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Empire State Games The Altamont Enterprise, February 19, 2009
Skiing Galgay brothers and Moore have a tough weekend at Whiteface Mountain
By Jordan J. Michael
LAKE PLACID Whiteface Mountain was not forgiving to the local Alpine skiers at the Empire State Winter Games last weekend.
Travis Moore, of Guilderland, and Michael and Brandon Galgay, of Westerlo, had frustrating runs in both the Slalom and the Giant Slalom competitions on the steep slopes of Whiteface.
“A lot of people took spills in the Slalom on Friday,” said Moore on Saturday. “The snow was pretty good but the course is on a really steep, tough hill. It’s probably one of the hardest tracks in the state.”
“Big ruts are being cut into this course and, once you hit a rut, you’re screwed,” said Michael Galgay on Saturday. “It was a very difficult course to begin with. It seemed like half the racers crashed on Friday from what I saw.”
Moore placed 48th in the Slalom on Friday with a time of 1:54.77. Michael and Brandon Galgay did not finish Friday’s race. Nor did Moore and the Galgay brothers record a finishing time in the Giant Slalom on Saturday.
“I think I might have placed 12th in one of the events last year,” said Moore, who was at the Games for the third time. “You always want to do better but I’m just glad that I’m up here in Lake Placid, skiing in a huge event.”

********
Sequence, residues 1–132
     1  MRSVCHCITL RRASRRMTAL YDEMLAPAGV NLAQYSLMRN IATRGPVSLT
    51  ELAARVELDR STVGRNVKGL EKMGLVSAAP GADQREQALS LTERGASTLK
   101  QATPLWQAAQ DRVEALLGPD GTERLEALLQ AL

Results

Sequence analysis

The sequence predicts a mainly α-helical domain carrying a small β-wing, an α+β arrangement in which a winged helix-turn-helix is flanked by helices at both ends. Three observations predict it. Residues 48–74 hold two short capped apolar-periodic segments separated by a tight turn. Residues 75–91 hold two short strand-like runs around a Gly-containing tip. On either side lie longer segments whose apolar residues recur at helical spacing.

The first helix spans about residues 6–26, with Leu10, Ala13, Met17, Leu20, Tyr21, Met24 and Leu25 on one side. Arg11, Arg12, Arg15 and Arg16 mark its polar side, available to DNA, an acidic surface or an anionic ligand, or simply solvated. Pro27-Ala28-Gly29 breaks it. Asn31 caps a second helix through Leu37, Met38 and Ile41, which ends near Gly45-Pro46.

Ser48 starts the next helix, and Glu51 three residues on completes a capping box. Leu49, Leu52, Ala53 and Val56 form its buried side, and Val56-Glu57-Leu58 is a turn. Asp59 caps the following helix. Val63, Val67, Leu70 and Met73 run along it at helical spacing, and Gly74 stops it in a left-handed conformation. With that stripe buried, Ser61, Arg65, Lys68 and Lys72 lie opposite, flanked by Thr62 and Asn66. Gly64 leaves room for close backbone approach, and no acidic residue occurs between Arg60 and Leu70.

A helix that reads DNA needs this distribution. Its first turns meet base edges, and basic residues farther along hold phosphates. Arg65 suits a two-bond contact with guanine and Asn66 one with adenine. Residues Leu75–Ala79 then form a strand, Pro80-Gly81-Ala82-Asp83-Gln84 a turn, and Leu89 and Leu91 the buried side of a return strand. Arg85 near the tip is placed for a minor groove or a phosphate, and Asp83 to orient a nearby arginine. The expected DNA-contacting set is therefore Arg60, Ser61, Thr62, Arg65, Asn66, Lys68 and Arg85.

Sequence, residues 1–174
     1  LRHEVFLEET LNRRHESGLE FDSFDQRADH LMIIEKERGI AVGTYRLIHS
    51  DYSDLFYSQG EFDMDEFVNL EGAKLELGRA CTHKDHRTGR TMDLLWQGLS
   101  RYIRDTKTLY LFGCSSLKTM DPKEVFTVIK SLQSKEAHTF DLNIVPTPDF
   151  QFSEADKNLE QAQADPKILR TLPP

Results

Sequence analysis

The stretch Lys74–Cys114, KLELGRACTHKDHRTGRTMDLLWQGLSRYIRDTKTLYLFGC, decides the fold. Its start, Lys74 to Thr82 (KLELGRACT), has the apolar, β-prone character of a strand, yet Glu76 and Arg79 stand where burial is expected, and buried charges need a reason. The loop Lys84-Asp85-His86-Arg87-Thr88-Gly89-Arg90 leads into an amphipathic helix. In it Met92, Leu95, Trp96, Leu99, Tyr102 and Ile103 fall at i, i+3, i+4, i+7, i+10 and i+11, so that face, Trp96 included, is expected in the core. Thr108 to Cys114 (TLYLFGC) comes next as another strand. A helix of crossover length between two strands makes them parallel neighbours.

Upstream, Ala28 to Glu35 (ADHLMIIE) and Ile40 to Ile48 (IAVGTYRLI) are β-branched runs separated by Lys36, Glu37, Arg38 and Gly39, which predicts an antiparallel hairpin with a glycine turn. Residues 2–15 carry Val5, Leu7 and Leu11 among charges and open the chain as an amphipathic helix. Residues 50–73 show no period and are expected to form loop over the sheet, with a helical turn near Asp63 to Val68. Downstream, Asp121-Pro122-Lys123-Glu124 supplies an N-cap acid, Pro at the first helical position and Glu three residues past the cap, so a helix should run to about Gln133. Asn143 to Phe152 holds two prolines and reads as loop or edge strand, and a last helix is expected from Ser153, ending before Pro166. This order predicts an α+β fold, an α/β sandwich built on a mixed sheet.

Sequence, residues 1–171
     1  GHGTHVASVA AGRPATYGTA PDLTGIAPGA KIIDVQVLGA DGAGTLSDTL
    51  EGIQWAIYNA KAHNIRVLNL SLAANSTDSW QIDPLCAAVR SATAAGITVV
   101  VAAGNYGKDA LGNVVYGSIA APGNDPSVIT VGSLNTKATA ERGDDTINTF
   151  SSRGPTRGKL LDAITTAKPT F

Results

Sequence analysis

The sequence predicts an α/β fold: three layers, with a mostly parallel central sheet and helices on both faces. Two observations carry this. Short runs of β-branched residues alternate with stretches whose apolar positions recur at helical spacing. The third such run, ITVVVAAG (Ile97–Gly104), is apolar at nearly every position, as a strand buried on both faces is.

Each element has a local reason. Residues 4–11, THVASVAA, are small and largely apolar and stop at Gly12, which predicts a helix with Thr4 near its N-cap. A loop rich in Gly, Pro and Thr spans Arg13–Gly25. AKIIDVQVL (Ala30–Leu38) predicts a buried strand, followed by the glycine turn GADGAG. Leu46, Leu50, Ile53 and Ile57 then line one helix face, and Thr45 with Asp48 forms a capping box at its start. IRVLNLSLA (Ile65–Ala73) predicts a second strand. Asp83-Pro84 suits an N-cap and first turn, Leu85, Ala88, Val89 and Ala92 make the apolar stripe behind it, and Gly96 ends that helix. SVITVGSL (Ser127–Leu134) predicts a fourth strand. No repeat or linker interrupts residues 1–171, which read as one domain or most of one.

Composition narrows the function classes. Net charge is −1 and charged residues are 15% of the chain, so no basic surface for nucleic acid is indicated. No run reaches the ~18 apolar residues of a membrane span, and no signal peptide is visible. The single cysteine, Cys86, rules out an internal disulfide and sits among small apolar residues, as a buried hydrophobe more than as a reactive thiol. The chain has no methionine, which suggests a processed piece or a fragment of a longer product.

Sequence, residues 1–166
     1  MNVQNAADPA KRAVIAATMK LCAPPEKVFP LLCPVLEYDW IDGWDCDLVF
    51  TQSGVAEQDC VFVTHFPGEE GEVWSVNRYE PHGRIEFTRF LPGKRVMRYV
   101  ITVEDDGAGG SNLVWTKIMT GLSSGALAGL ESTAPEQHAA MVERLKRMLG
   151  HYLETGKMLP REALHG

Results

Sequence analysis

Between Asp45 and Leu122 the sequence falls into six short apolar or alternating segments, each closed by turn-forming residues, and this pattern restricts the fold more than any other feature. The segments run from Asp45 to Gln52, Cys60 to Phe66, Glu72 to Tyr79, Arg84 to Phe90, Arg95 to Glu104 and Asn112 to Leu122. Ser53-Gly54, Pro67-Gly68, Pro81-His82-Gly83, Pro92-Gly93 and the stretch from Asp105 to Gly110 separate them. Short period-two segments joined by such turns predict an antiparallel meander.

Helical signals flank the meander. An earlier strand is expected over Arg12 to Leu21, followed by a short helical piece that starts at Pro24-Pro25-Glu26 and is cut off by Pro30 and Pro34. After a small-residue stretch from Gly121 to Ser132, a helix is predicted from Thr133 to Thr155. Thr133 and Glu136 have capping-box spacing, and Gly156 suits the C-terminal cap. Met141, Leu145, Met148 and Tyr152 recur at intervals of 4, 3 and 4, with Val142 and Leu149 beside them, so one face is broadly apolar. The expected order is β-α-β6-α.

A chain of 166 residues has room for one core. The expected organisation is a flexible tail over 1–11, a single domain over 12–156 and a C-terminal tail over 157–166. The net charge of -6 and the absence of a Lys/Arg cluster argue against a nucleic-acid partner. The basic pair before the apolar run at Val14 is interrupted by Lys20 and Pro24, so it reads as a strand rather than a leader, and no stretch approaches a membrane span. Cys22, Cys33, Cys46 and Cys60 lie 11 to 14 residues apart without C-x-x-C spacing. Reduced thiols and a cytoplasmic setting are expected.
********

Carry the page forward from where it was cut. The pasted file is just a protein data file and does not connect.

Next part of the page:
There are a few differences between Slalom and Giant Slalom. There is further distance between gates on a Giant Slalom course and the participants’ skis are usually longer and wider. “You need shorter skis in Slalom because you need to make quicker turns,” Moore said.
Moore competed in last summer’s Empire State Games in Binghamton for lacrosse and was a member of the Section II championship soccer team from Guilderland last fall.
“I prefer skiing over any other sport because it’s such a rush,” said Moore. “I’ve been on skis since age 2 and I’m glad I got into racing. Hopefully, I can join a racing team in college next year.”
Michael and Brandon Galgay learned to race in an after-school ski program at Windham Mountain eight years ago, when they least expected it. The brothers told The Enterprise that racing was tough at first.
“We started skiing at 3 years old and started racing at 10,” said Michael Galgay. “It was a little weird at first but we liked it immediately. Who doesn’t like going fast?”
The Galgay brothers train at West Mountain during the week and spend some weekends training at Whiteface because the family has a winter home in Lake Placid. Brandon is a year younger than Michael, so it’s his first Games with his brother.
“There’s really no redemption period in ski racing,” said Brandon Galgay. “You spend all this time training for a short race. It’s hit or miss out there. You have no time to think.”
“I just tried to survive the competition last year because I was so young, but I finished both events,” Michael Galgay said. “I guess I took more chances this year and went past my limit.”
The Galgay brothers have been in the same 20 races this season after being in separate age groups a year ago.
“We’re always arguing over who is better and now that we’re in the same races, the truth will come forward,” said Brandon Galgay. “Being competitive is the only way we can stand living with each other.”